Shame on the media for perpetuating this nonsense. Let the locals decide what they want to do with their monuments and stop encouraging the frenzy.

Pat Austin blogs at And So it Goes in Shreveport.

Photo courtesy of US Navy, http://www.doncio.navy.mil/uploads/0412GDD49863.jpg

The U.S. military is well known throughout the world for being the best trained military force on the planet. But recent events are eroding that, and it should cause worry for the average American.

Continue reading “Are we building a conscript military?”

[If] you do not speak up to warn the wicked about their ways, they shall die in their sins, but I will hold you responsible for their blood.    –Ezekiel 33:8

Massachusetts General Law defines abortion as “the knowing destruction of the life of an unborn child.” Further, it defines an “unborn child” as “the individual human life in existence and developing from implantation of the embryo in the uterus until birth.” Now, we can argue about whether that individual human life began at implantation or at conception, but Massachusetts law is clear that the unborn child is a life and not just a “blob of tissue.” Unfortunately, the Massachusetts Supreme Judicial Court (SJC) in Moe vs Secretary of Administration and Finance (1981) decided that taxpayer funds must be used to kill that life if its mother so wishes.

Prior to Moe, the state operated under the Doyle-Flynn Amendment – the state-level equivalent of the federal Hyde Amendment, which has been upheld repeatedly by the US Supreme Court – which prohibited taxpayer funds from being used to pay for abortions. But in 1981, the SJC took it upon itself to go beyond the federal Roe v. Wade decision and decreed that taxpayer funds must indeed be used to pay for abortions for poor women under the guise of “equal protection.” Why the legally-recognized life in the womb is not also due equal protection of the laws is not clear, but the SJC ruled that since state Medicaid funds were used to pay for legitimate maternity care and other health care for indigent women, Medicaid must also pay for abortions.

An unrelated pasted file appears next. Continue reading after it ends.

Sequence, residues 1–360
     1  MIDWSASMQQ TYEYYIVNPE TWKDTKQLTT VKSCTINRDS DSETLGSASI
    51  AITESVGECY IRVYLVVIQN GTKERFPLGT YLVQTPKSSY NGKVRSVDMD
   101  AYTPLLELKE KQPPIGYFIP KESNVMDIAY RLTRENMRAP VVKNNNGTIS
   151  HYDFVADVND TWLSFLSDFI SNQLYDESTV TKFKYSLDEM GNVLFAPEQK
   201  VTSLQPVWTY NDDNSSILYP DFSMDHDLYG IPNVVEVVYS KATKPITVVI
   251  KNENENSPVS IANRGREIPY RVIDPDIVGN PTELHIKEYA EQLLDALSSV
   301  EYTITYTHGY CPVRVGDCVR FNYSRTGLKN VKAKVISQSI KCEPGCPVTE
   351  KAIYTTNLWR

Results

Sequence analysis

As did Roe v. Wade, this decision clearly overstepped the judicial role of interpreting the Massachusetts Constitution and enshrined a policy decision with the weight of a constitutional amendment, thus prohibiting the legislature from even debating the issue. Legally, the only proper response is an actual constitutional amendment that the SJC cannot misinterpret to its own ends. The Alliance to Stop Taxpayer Funded Abortion has taken up the challenge and is currently gathering signatures with the hope of bringing this question to Bay State voters in November 2020.

The amendment as proposed reads “Nothing in this Constitution shall require taxpayer funding for abortions.” Note that it does not make abortion illegal in MA. It only permits the legislature to debate whether taxpayer funds should be used to pay for them.

The amendment process in Massachusetts is extraordinarily difficult. The first step is to gather 64,750 signatures by November, 2017. In actuality, this means we need to gather close to 100,000 signatures because it seems like the Secretary of State’s office looks for any excuse to reject valid signatures. If there is a stray pen mark on a sheet with 25 valid signatures, the entire sheet may be thrown out. So, volunteers – including my wife and I – are being very careful with the signed sheets.

Assuming we get the required signatures, the motion must be approved by 50 members of the state legislature in two consecutive sessions in order to be put on the ballot in 2020 to allow citizens to vote on the amendment. Assuming it passes, Massachusetts will be in line with the federal government  and the legislative history of the state in letting the legislature decide whether taxpayer funds will be used to pay to knowingly destroy the life of an unborn child.

There are many ways you can help. Of course, you can volunteer, or donate to the Alliance, and if you’re a registered Massachusetts voter, please sign a petition. And please keep our efforts in your prayers.

Update: Stacy McCain talks about this (and a few other things) here.

By:  Pat Austin

SHREVEPORT —  Despite what anyone tells you, Common Core is alive and well across the country.  It’s not always called Common Core anymore because of all the negative connotations and observations after its launch, but it’s still there.

Some states have renamed the program.  In Louisiana, it’s called Louisiana Believes.  In New York, it is now called Next Generation.  Iowa now calls it The Iowa Core.

It’s still Common Core; the standards and tenets are still there.

It is an endless barrage of scripted lessons, mindless graphic organizers, and multiple standardized tests.  It’s mind-numbing.